Chocoholics have been left not so sweet after a revamp of the perennial fan favourite Roses range.
Cadbury announced last month it was reinventing the Australian favourite, which first hit shelves 70 years ago.
Crowd-pleasers such as hazelnut whirls, classic fudge and strawberry cremes are all out, but the often-controversial Turkish delight has survived to further divide consumers.
Roses’ classic twist wrappers are also a thing of the past, having been replaced by Favourites-style wrapping.
Other flavours hit by modernisation include peppermint creme. Once a sought-after standard, it has been replaced with a flavour called peppermint creme crunch.
Cadbury has also added three new flavours – vanilla nougat, classic caramel and, for white chocolate, lovers, white raspberry, which is made with freeze-dried raspberries.
Chocolate blisses, caramel deluxes and hazelnut praline crisps survived the axe, albeit with minor name changes.
In the wake of the move, chocolate fans have taken to Cadbury’s Facebook page to complain. Some have even accused the company of destroying “an Aussie favourite”.
“I don’t know why you had to go and change your Roses chocolates,” one outraged Facebook user said. “Nobody wants peppermint crunch or white raspberry. This is an absolute atrocity, you have forever ruined Roses chocolates”.
Another said: “Cadbury Roses [were] my every occasion chocolate. Not any more, just had a box given to me and they are horrible”.
The Roses revamp is also bad news for people with nut allergies and gluten intolerances. The new chocolates now contain peanuts and barley.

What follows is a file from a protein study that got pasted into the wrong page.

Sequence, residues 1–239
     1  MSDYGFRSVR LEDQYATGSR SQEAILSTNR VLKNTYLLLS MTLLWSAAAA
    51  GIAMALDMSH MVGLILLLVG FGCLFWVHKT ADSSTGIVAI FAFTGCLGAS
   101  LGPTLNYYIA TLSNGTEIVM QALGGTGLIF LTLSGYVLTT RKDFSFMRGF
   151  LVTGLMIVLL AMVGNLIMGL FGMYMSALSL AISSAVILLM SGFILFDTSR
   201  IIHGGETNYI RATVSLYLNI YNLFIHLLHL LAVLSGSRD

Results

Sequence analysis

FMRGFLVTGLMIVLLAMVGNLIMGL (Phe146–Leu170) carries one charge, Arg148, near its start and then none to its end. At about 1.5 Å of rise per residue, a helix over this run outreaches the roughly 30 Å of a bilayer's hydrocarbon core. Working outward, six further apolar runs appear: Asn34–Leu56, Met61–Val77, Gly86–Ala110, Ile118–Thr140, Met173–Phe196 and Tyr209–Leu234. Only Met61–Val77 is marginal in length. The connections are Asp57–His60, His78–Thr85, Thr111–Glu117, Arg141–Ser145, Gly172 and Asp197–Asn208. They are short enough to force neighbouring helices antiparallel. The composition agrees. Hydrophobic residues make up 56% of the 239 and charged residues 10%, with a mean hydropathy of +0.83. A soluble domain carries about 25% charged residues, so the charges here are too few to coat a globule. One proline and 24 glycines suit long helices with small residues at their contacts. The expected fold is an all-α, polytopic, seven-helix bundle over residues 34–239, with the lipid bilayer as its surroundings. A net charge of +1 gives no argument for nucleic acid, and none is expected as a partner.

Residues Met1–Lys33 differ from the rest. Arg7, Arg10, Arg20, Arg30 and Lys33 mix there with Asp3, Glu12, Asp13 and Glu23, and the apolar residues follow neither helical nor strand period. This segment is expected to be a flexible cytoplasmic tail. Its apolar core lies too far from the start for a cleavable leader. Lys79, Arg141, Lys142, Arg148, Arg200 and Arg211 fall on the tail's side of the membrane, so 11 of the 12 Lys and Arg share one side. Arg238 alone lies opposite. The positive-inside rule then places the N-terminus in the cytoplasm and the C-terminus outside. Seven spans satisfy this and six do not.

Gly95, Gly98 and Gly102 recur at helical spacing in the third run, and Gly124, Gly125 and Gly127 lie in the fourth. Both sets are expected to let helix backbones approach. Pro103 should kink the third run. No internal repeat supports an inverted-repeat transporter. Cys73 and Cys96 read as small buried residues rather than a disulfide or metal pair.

It’s not the first time Cadbury has made changes to the Aussie classic, Mandarin creams were introduced in the ’50s, while the weirdly named peppermint cordial appeared in the ’70s. It was followed by the limited edition lemon cheesecake in the early 2000s.
Last year, the company also pulled its Cherry Ripe flavour from the box.
Chris Ho, who operates the Old Shops Australia Facebook page, told The New Daily that Roses had lost its charm by removing the old favourites.
“The boring individual wrappers suck. It all smacks of cost cutting and is another nail in the coffin of Cadbury’s decline,” Mr Ho said.
Earlier this year, a Cadbury special edition, Caramilk, sent shoppers into a similar frenzy when it was recalled after food grade plastic was found in some products.
Melanie Yates, senior marketing manager for Cadbury Roses told The New Daily the chocolates had been regularly updated to reflect the changing taste preferences of consumers.
“Before this latest update, we had changed at least five of the flavours in the past seven years,” Ms Yates said.
“The number one complaint we receive from consumers is that they’ve found an empty wrapper in their box or that the flavour from one piece has transferred into another, and that’s why we’ve adopted the latest, fully sealed packaging design.
“This means the pieces now stay in their individual wrappers, and they’ll stay fresher for longer.”